How to Keep Your Ebike Battery Healthy

How to Keep Your Ebike Battery Healthy

Keeping your electric bike battery in good health and ready to go is essential for safe, enjoyable riding. A quality ebike battery can power the bike for 10+ miles, so it’s important to give your battery some TLC and optimize its lifespan. In this article, I’ll cover the most important ways to keep your ebike battery healthy on a day-to-day basis. 

How to Keep Your Ebike Battery Healthy

1. Maintain the charge of your lithium battery.

Even after short trips of a few kilometers, lithium batteries are best maintained fully charged. Discharging a lithium battery completely on a frequent basis will drastically impair its ability to store a charge, reducing its capacity. If you "flatten" your battery, make sure to fully recharge it as soon as possible.

Get more ebike charging tips here.

2. Keep your ebike battery clean and dry.

A wet battery poses little risk, and ours are built to withstand riding in the rain, however, it is not recommended. To minimize oxidation and corrosion, contact points on the battery should be dried. This will reduce the battery's capacity to power the bike. Every few months, inspect the contacts and clean them as needed. NEVER install a battery with wet or damp terminals. Serious injury is likely.

For more ebike care and maintenance tips, click here.

3. Keep your lithium batteries cool

As the lithium powder inside the battery cells warms up, it reduces its electrical resistance. This implies that in hotter weather, your battery will deplete faster and require more frequent charging.

You may notice that your bike travels less distance on cold days, which is due to the same attribute of lithium powder - its resistance increases in colder temperatures. This means that on hotter days, you'll be able to travel further.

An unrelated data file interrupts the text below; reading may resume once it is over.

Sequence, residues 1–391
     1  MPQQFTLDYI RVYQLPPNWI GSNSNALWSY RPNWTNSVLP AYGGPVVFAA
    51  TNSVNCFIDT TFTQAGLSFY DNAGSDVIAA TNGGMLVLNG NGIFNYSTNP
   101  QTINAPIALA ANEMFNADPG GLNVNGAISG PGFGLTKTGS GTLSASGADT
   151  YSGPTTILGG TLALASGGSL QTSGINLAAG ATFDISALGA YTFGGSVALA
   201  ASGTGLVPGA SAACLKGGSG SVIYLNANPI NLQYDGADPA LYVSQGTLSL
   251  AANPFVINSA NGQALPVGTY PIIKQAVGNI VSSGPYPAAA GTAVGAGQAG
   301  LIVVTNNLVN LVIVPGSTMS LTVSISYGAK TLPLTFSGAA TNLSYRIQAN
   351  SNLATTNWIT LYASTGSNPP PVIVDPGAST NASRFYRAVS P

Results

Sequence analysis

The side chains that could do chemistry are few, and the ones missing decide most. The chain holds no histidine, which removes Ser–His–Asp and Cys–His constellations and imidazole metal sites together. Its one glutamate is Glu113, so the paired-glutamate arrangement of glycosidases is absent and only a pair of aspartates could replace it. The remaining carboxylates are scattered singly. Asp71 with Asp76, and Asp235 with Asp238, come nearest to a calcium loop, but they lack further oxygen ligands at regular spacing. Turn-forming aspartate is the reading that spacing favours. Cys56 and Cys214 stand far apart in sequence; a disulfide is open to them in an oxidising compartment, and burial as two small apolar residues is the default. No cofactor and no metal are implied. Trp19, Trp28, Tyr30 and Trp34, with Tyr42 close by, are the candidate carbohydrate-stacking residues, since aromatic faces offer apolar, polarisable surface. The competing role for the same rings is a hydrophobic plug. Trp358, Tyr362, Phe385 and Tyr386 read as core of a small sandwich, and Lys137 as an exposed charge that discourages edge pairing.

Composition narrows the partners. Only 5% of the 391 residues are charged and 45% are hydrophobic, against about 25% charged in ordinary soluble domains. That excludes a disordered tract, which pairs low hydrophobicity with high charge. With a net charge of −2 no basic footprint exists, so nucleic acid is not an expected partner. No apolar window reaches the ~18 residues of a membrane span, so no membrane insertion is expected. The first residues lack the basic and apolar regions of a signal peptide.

A lithium battery is best stored at cooler conditions, where its internal resistance is lowest, and will stay fully charged for the longest time. Keep your e-bike battery in a cool, dry place.

While batteries are best kept in cool places, they should be at room temperature before charging. Charging a frozen battery can cause damage.

4. Prepare your electric bike for long-term storage.

You should take some extra precautions if you know you will not be using your battery for a few months. When a lithium battery is completely charged, the pace at which it self-discharges (goes flat) is fastest, and when it is nearly flat, the rate is slowest. So, if your battery is partially depleted for a long time, it will lose capacity. However, we all know that almost completely draining a battery is a bad idea.

Storing the battery at roughly 80 percent charge is a compromise that decreases capacity loss over time while still preserving the battery. You can get an approximation by riding your e-bike for about 20% of the time or distance it takes to fully charge.

It is then advisable to store the battery in the coldest convenient location feasible and then provide short charges every 5 to 10 weeks, if possible.

5. Never attempt to dismantle an electric bicycle battery.

It is completely pointless to open the battery compartment of your e-bike in order to inspect and fix the contents. It would be extremely risky to attempt to open a lithium battery!

Lithium powder is extremely combustible and will explode when it comes into touch with oxygen!

You must return your battery for testing and possible repair if you feel it is damaged or has lost its capacity.

If you have any further questions or need clarifications about how to properly handle your battery, contact your manufacturer or consult your owners manual.

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1 comment

Hey Dean and family, I tried to give you all a kudos, but your site would not receive me. So. We are loving our Bikes, and are over the 100 mile mark and up to 13 miles per day! Pretty cool for duffers. Going to do the Elroy – Sparta trail next week. The bikes make riding a lot of fun, fours are becoming threes and twos are becoming zeros? We must be getting stronger! Comments for the future; y’all ought to sell a rear- side mirror for every bike just for safety. I ordered one on line then discovered I could have gotten one from you, go figure? Sell everyone a mirror, tell your daughter, she’ll make that happen!
God’s grace and peace, Terry and Lori Temanson

Terry and Lori Temanson

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